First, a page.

TYROME HARRIS, SR. APPELLANT
STATE OF ARKANSAS APPELLEE
FROM THE PULASKI COUNTY CIRCUIT COURT, FIRST DIVISION [NO.
60CR-14-3398] HONORABLE LEON JOHNSON, JUDGE
Harris, pro se appellant.
Rutledge, Att'y Gen., by: Ashely Priest, Ass't
Att'y Gen., for appellee.
M. GLOVER, JUDGE.
Harris, Sr., appeals pro se from the trial court's denial
of his petition for postconviction relief. We earlier
remanded the case to the trial court for supplementation of
the record to include the portions the court specifically
relied upon in denying the Rule 37 petition. Harris v.
State, 2017 Ark.App. 464. The record has now been
supplemented, and we are able to address the merits of
Tyrome's appeal. We affirm the denial of postconviction
a hearing on February 8, 2016, Tyrome entered a negotiated
guilty plea to the offense of first-degree battery in case
no. CR-2014-3398, and in exchange, the child-enhancement and
habitual-offender allegations were nolle prossed in another
case (CR-2014-2754). The plea statement signed by Tyrome on
February 8, 2016, included a provision that explained he
could receive a total sentence from five to twenty years in
the state penitentiary and/or a fine of up to $15, 000.
March 7, 2016, Tyrome was sentenced to fifteen years in the
Arkansas Department of Correction, with an additional five
years' suspended imposition of sentence. During the
sentencing hearing, in Tyrome's presence, his counsel
stated in part:
Judge, we entered a plea of guilty to battery first degree
with - - with the habitual dropped. The range is 5 to 20. The
main point I want to make to the Court is, based on his prior
record, any sentence the Court imposes today, he will have to
serve 100 percent. So, whatever the sentence is - - and
I'm asking the Court - - I told the Defendant I would ask
the Court to consider a five-year sentence. He's going to
have to serve day-for-day five years or any sentence the
Court does impose.
. . . .
And I'm asking the Court to show leniency. I'm asking
the Court to consider a five-year sentence of which he will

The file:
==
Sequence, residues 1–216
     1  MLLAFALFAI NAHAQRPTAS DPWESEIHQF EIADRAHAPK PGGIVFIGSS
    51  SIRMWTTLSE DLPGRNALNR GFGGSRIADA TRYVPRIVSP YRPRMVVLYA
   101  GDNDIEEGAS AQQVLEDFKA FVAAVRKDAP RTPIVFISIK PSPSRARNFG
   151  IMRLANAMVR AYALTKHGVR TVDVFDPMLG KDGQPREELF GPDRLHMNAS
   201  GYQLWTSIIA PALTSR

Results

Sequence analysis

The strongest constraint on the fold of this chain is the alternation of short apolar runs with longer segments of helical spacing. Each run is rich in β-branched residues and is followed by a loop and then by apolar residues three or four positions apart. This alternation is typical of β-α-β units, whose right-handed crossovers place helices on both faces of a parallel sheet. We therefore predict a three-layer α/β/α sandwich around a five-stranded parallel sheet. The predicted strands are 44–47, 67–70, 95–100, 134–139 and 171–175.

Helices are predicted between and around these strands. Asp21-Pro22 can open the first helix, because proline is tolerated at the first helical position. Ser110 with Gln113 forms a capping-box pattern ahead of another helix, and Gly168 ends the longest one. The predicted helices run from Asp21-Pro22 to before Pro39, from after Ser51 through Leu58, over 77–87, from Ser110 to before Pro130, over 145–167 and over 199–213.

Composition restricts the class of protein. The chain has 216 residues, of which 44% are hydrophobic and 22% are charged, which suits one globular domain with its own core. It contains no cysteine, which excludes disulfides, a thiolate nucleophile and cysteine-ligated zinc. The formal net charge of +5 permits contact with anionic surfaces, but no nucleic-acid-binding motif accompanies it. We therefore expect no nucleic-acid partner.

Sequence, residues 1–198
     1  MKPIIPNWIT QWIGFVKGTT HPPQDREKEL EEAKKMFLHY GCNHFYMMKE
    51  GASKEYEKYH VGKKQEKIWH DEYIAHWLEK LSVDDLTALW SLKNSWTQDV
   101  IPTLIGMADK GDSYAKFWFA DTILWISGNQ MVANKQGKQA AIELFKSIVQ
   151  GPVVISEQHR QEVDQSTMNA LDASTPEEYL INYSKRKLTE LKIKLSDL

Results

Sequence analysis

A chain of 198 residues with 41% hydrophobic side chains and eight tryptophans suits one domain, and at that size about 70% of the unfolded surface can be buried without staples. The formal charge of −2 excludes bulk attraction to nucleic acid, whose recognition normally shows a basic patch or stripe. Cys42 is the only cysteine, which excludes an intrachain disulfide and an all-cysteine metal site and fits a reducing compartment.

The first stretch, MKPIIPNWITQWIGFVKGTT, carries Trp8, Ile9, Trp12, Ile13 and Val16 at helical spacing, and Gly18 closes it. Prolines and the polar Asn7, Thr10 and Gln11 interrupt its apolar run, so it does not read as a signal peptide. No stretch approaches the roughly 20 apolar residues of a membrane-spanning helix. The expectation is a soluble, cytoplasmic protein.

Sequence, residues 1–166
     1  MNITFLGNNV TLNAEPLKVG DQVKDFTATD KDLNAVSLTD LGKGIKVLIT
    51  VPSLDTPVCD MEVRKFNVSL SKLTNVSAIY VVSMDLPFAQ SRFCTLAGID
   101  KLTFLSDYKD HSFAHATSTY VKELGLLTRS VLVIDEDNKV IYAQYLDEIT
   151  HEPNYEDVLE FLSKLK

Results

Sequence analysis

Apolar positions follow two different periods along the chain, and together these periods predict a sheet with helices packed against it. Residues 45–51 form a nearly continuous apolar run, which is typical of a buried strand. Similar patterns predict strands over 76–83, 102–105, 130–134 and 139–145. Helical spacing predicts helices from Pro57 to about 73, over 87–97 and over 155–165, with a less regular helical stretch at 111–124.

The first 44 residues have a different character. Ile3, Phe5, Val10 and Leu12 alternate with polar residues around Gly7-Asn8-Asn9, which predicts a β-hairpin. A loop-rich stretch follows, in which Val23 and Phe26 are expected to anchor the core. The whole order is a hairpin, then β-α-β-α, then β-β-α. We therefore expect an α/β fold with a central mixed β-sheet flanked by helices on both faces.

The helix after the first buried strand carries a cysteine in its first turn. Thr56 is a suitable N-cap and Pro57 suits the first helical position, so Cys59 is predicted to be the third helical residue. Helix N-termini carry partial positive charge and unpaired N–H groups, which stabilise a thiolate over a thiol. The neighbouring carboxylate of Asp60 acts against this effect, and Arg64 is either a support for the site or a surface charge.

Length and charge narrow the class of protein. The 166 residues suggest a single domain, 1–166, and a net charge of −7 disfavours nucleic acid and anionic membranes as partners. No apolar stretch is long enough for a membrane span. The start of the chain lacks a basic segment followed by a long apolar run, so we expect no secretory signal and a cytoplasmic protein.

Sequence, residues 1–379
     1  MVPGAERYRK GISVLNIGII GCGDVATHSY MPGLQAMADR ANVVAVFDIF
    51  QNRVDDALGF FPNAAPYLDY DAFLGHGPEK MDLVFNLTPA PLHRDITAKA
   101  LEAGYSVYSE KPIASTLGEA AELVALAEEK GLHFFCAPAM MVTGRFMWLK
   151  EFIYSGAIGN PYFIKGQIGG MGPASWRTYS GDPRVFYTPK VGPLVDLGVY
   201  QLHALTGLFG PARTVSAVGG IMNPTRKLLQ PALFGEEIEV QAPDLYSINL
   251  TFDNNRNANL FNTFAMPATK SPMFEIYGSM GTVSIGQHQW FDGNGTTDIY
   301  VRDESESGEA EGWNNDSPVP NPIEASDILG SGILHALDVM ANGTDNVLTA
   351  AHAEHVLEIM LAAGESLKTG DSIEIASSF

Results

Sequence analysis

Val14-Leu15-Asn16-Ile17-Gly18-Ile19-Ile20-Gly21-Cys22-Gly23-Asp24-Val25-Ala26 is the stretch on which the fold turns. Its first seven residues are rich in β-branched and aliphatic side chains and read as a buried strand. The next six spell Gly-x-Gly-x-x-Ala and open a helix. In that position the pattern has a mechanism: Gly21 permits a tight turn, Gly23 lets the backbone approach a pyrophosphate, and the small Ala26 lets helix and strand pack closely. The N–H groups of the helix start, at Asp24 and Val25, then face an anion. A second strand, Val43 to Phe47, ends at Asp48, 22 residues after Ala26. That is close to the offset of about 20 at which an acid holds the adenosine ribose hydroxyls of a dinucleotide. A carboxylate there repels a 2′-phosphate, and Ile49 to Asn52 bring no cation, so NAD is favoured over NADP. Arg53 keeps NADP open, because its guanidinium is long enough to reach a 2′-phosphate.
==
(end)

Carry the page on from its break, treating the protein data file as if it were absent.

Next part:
have to serve day-for-day.
is nothing in the record to indicate that Tyrome expressed
any concern or surprise about his counsel's comments or
that he conveyed to the court his disagreement that serving
100 percent of any sentence imposed was contrary to the
April 22, 2016, Tyrome filed his Rule 37 petition for
postconviction relief. He alleged four bases to support his
contention that his counsel was ineffective: 1) counsel had a
conflict of interest with the alleged victim, 2) the plea
agreement was for no enhancements or habitual offender, 3)
jail-time credit was incorrect, and 4) counsel failed to
advise him that he would be required to serve 100 percent of
his sentence because of a prior felony conviction. In its
order, the trial court denied the petition with no hearing,
finding no basis for postconviction relief
on any of the grounds alleged by Tyrome in his petition. This
pro se appeal followed in which Tyrome contends the trial
court "abused its discretion" when it found trial
counsel was effective. We find no error.
mentioned previously, in his Rule 37 petition, Tyrome alleged
four bases in support of his contention that his trial
counsel was ineffective. In this appeal, he has abandoned all
but one of those bases. He no longer pursues his arguments
that 1) counsel had a conflict of interest with the alleged
victim, 2) the plea agreement was for no enhancements or
habitual offender, and 3) his jail-time credit was incorrect.
However, he does still maintain that his counsel was
ineffective for allegedly failing to advise Tyrome that he
would be required to serve 100 percent of his sentence
because of a prior felony conviction, which has been his
major contention throughout. In addition, Tyrome has added
some constitutional arguments in his appeal to our court that
were not raised in his Rule 37 petition-arguments based on
the Sixth, Eighth, and Fourteenth Amendments involving due
process and cruel and unusual punishment. Because Tyrome has
abandoned all but one of the arguments he pursued in his Rule
37 petition (and because the constitutional arguments he
raises in this appeal were not presented to the trial court
and therefore were not properly preserved), we address only
Tyrome's argument alleging ineffective assistance of
counsel for failure to advise him that he would have to serve
100 percent of his sentence.
rejecting the "failure-to-advise" argument below,
the trial court ...